Nick Reed’s passion for running has taken him places. Most recently, it took the 2016 graduate and Lancer cross country standout to the finish line of one of the largest and most prestigious races in the world—the Boston Marathon—where he placed 141st overall and ahead of 99 percent of the field.
Reed added the title of Boston Marathon finisher to his growing list of racing accolades on April 15, when he took part in the historic 26.2-mile race, now in its 122nd year. Each year the marathon draws more than 30,000 runners from around the world to the historic city.
“Once you get out on the course, it’s one of the most surreal experiences,” he said. “There are crowds the whole way cheering you on. It’s one of the greatest atmospheres. The crowds, no matter where you were—in the beginning, middle and toward the end—they’re just amazing. There’s nothing I’ve ever run that’s anything close to that.”
For Reed, just qualifying for “The Boston” and enjoying the experience would have been reward enough, but he made sure he got a lot more out of the trip than another bib to decorate his wall. In addition to finishing in the top 150 runners, he was the fourth-fastest of the 493 runners hailing from Virginia, clocking a per-mile pace of 5:49. His final time was 2:32.13, a personal best.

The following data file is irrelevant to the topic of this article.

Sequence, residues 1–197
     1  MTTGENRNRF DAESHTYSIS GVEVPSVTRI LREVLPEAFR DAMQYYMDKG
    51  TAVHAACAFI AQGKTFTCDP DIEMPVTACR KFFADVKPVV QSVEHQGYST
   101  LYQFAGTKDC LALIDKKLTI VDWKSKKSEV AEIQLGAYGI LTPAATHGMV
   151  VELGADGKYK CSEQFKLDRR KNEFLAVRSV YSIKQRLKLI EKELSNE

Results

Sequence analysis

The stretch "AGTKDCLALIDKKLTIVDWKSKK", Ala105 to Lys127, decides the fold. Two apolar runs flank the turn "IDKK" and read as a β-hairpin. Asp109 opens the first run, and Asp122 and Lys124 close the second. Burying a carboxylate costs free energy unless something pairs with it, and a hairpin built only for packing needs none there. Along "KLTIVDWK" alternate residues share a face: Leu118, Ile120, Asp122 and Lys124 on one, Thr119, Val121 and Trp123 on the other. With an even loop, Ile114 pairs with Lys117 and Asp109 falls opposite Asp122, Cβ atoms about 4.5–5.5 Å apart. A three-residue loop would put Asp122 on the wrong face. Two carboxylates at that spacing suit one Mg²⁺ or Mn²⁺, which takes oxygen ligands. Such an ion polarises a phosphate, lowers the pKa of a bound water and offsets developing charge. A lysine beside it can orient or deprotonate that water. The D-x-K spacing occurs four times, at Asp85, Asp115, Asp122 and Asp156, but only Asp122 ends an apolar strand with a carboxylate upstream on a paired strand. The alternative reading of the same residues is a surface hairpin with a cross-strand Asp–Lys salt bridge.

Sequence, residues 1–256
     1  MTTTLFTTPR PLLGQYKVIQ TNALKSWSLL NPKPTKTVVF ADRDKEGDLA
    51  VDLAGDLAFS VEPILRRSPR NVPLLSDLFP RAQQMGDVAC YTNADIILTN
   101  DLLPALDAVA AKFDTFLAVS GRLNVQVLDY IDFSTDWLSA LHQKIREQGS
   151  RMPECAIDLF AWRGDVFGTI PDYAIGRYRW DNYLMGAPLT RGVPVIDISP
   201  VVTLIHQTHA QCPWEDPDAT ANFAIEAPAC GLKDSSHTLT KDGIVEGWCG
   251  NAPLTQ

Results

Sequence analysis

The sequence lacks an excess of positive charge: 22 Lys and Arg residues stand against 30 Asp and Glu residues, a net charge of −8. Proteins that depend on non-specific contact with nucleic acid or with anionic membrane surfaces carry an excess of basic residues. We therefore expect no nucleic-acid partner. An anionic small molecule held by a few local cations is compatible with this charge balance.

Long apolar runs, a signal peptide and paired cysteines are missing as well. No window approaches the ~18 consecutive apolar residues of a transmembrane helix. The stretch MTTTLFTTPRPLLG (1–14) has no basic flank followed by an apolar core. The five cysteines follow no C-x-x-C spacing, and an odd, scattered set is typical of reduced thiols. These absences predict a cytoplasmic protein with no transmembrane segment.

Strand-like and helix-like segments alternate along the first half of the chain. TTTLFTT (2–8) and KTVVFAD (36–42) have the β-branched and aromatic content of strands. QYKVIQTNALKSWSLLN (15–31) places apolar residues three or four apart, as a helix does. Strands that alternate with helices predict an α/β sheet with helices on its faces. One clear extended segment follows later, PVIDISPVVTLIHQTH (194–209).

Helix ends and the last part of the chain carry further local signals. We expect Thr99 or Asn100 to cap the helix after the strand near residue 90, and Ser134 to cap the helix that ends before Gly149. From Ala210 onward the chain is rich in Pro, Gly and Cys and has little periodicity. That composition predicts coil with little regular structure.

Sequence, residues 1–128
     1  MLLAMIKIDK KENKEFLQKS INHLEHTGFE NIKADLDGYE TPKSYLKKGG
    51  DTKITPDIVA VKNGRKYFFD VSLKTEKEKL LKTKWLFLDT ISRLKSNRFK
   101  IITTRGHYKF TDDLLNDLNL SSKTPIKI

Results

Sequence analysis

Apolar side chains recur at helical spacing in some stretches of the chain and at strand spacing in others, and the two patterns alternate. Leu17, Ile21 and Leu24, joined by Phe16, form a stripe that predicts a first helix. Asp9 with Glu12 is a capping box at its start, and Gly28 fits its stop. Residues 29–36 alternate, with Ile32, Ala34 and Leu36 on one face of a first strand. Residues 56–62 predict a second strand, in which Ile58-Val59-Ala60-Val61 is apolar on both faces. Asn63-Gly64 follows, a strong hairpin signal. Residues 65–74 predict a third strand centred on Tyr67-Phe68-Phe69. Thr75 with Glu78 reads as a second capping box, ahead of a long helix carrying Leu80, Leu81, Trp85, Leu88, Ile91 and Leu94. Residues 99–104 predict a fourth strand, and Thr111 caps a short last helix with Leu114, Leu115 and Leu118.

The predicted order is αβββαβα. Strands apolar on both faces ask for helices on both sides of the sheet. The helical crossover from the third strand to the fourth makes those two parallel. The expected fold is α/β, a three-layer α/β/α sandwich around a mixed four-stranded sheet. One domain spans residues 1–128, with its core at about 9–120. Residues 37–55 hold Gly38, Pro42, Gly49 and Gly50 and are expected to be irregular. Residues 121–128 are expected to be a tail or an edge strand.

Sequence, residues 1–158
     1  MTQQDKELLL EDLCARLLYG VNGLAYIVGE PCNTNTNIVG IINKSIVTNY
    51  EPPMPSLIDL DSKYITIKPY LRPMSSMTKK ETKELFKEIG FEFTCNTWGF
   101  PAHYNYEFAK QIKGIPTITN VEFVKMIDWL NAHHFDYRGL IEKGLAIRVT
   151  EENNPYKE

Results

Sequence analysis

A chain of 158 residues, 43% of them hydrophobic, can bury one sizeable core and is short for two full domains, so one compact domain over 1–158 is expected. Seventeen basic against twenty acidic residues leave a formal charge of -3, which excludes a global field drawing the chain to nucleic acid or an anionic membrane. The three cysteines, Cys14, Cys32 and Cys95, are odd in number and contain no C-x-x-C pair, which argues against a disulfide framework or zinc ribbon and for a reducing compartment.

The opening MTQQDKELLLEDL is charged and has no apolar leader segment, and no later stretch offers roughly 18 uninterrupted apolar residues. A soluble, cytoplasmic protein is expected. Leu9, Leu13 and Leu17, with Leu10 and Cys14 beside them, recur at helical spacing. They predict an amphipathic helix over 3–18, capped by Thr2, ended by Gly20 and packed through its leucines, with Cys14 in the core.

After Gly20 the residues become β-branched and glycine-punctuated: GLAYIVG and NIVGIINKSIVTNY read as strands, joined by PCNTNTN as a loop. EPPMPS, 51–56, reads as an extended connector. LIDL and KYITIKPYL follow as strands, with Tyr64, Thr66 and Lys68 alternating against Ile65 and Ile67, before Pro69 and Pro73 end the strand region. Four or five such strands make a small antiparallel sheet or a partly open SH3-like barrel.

'Once you get out on the [Boston Marathon] course, it’s one of the most surreal experiences.’NICK REED ’16
Another Lancer cross country runner was pounding the Boston pavement along with Reed: all-time women’s great Alisha Royal Ebert ’13, who placed 3,987th overall and 378th among all female runners.
Reed, who is currently the cross country and track coach at his highschool alma mater, Robinson Secondary High School in Fairfax, broke Longwood’s 10K record and still remains in the top five on nearly every one of the university’s all-time lists. In the three years since graduating from Longwood, however, he has evolved from a “road racer” specializing in 5K and 10K distances to a full-fledged marathoner.
In his never-ending pursuit of those ever-extending finish lines, Reed has excelled every step of the way. He was a fixture at the front of the pack in the local 5K and 10Ks he ran near his hometown. Then he advanced to his first half-marathon in 2017 and placed second at the Fredericksburg Historic Half.
It was that finish that got his wheels turning—or rather, kept his legs churning. “I just started thinking, ‘Hey, I like longer stuff,’” he said. “So let’s just try a marathon.”
Now Reed has three marathons under his belt, and, at 26, he’s still hitting his stride. His times have improved with each race, and he’s already racked up a collection of top-10 finishes and age-division victories.
So what’s next? Another Boston? A 50-mile ultra-marathon? A 100-miler?
“A 100-miler may be off in the distance right now,” he said, only half-joking. “Let me get a little bit older and start to lose some of that speed. Maybe then.”